The Apple Watch, similar to other smart-watches currently on the market connects to your phone via Bluetooth and can do several tasks without forcing you to pull out your phone. You can receive and respond to emails, texts, and even phone calls. You can call an Uber. You can draw pictures and send them to other Apple Watches. You can check your heart rate and count your steps. You can open your garage. You can make payments via Apple Pay. You can even check the time. Honestly, I don’t know what this watch can’t do, but all of these features are reflected in the price, which might be the biggest turnoff to many consumers. The big question is why would someone want to dish out a ton of money for a watch, when they can do the same things on their phone. It seems like this was the major question that Apple was trying to avoid. Apple showed off a ton of features, but didn’t really convince anyone on why they should be paying between $349 and $17,000 (for the most expensive Apple Watch Edition) for a watch that adds hardly any useful features that an iPhone 6 can’t already do.
From the Apple keynote yesterday, it’s easy to tell that Apple is re-establishing itself as the “luxury” brand that it is. Do people need a $1500 notebook that has no expandability without purchasing additional adapters? No way, but are they still going to sell millions of MacBooks? The obvious answer is yes. Do people need a $10,000+ watch that tells the time with an abundance of gimmicky features? No, but are they going to sell them? You bet. The average consumer isn’t going to drop 10 grand on a watch, but celebrities and the more wealthy consumers will buy them for a status symbol.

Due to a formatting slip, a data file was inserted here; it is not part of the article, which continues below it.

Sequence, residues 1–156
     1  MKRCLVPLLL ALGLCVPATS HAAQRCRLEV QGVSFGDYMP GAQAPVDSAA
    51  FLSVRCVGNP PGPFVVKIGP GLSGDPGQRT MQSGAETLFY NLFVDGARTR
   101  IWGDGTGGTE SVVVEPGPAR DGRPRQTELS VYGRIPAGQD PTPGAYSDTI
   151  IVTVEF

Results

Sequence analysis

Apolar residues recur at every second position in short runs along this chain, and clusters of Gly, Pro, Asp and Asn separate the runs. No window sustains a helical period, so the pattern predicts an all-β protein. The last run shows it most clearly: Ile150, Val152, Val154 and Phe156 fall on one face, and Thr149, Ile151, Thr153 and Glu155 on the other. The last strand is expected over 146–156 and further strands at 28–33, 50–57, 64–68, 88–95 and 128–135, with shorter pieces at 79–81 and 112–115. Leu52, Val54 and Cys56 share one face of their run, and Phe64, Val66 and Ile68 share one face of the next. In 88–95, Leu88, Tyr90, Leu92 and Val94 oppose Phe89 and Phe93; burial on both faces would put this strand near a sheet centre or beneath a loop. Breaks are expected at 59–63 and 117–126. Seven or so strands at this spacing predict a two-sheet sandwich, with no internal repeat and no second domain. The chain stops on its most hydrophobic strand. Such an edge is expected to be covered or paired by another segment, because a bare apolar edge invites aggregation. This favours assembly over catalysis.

What do you think about the latest Apple announcements from the Spring Forward keynote? I’m interested to know what you think of the new MacBook, Apple Watch, and reduced price of the Apple TV.